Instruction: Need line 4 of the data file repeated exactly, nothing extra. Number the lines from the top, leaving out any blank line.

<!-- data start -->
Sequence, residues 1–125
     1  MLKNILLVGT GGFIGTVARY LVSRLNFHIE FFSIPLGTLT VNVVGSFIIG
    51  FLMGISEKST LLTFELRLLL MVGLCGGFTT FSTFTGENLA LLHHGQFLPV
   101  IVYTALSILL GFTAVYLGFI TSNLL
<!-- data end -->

   101  IVYTALSILL GFTAVYLGFI TSNLL